I was thinking that the difference might lie in how difficult it is to create aroma vs. sound. Sound can be created through mere speech. Sound can therefore be converted more easily than smell. It is easier to change the sound that one makes than to change one's odor. The smell of an object reflects more about the inherent nature of something than the sound it makes. Therefore, we can say that smelling something connects someone to its intangible essence, which can therefore only be done by the soul.
This might also be expressed in the continuation of the sugeya, which says that in the future the young men of Israel will smell like the Lebanon forest, suggesting that their pleasant smell will reflect their beautiful natures.
Unfortunately, I don't have Maharal's Hiddushei Aggadah in the house, so I can't check to see if the Maharal says anything like this. If anyone can check that would be great.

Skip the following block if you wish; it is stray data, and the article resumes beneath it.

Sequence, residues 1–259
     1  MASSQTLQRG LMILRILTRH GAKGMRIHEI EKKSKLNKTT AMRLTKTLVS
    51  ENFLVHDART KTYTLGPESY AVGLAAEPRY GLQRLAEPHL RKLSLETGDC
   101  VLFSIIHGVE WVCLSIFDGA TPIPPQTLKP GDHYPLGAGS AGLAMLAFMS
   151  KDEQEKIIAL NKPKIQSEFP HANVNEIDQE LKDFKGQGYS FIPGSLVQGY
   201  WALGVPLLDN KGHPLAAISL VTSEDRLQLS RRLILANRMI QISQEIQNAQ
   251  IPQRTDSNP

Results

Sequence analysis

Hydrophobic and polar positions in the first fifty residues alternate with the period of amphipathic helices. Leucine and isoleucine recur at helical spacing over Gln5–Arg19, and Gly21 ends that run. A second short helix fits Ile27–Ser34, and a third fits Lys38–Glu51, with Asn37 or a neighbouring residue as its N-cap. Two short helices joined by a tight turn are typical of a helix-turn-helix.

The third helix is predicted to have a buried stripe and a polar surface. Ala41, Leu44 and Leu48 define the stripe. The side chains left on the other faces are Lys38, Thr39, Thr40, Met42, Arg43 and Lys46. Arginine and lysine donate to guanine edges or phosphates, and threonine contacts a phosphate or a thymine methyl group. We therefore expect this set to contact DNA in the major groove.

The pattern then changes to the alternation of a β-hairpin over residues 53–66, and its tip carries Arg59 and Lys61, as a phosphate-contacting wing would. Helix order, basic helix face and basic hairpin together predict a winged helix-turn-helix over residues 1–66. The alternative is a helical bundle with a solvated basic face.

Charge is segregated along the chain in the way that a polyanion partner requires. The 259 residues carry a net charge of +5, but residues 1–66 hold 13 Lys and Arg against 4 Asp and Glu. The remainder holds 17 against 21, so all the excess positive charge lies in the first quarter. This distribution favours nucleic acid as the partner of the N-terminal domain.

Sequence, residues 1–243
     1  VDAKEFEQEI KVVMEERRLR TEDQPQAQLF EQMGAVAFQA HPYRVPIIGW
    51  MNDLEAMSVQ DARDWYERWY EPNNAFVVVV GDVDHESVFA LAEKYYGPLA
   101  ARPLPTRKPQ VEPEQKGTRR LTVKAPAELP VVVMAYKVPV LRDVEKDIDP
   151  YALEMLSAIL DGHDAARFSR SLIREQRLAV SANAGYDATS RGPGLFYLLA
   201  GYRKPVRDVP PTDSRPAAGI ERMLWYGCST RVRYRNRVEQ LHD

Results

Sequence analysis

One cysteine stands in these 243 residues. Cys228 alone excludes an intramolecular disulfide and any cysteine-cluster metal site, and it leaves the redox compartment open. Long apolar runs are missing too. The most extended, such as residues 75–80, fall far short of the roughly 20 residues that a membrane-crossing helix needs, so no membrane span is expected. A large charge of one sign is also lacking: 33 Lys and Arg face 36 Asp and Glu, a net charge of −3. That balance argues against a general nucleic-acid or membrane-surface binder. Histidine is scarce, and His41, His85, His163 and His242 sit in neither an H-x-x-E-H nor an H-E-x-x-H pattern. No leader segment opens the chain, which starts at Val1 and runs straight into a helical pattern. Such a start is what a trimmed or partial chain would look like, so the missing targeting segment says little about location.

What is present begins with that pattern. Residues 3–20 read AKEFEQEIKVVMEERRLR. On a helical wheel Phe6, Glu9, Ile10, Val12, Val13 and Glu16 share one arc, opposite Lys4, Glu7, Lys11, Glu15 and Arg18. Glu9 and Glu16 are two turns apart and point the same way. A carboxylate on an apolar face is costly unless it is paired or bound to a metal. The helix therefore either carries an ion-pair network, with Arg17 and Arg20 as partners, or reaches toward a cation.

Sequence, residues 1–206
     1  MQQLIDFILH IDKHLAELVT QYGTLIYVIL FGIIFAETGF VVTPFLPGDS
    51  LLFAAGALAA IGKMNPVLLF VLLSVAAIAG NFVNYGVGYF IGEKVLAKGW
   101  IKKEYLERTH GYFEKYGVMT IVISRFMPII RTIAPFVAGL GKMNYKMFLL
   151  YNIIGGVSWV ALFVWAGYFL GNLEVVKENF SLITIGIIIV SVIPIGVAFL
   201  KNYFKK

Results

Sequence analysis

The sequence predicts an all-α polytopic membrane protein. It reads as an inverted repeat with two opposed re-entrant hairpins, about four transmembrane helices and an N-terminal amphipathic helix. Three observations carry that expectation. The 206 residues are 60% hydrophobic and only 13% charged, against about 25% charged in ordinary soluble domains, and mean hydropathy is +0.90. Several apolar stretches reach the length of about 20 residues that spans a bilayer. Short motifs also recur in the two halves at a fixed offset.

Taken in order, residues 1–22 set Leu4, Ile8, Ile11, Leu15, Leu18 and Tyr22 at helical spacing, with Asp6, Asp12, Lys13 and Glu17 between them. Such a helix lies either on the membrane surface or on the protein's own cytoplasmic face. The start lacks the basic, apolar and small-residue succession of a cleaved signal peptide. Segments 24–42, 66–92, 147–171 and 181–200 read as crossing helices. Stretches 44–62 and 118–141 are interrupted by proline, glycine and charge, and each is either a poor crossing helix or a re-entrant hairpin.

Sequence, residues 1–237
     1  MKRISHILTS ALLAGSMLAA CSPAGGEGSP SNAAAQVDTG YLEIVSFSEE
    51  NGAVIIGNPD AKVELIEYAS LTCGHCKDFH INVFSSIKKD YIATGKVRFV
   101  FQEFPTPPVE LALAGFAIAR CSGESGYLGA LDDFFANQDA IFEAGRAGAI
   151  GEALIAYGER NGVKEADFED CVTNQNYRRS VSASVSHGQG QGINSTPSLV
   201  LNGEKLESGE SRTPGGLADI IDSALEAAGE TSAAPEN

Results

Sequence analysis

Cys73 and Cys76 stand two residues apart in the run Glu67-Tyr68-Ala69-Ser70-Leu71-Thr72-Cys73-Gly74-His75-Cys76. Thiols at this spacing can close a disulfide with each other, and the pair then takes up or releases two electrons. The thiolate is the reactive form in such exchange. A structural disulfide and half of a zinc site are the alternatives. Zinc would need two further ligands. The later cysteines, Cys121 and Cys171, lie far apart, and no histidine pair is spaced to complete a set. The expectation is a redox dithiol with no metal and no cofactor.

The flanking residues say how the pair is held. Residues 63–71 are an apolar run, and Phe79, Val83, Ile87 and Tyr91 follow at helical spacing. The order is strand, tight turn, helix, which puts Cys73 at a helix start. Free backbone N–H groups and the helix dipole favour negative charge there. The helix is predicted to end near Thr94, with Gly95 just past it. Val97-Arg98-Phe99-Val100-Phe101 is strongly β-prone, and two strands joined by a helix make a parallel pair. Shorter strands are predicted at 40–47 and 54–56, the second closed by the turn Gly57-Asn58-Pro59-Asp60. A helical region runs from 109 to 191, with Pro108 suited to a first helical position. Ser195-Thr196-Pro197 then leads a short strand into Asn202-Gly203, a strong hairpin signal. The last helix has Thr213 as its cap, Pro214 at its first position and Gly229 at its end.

Any alternative readings of these passages would be appreciated.

Wednesday, April 13, 2005

May a talmid hakham speak with a woman in public?

In yesterday’s daf, 43b, we read that there are six activities that are disgraceful (גנאי) for a תלמיד חכם. One of them was ואל יספר עם האשה בשוק. How should we deal with this in terms of הלכה למעשה (or possibly מוסר למעשה) today? Note that in order to simplify the issue, I am leaving out of consideration the fact that we have female תלמידות חכמים and even תלמידות חכמות today; if any of you has thoughts from an angle that considers this fact, please put up a comment on this posting.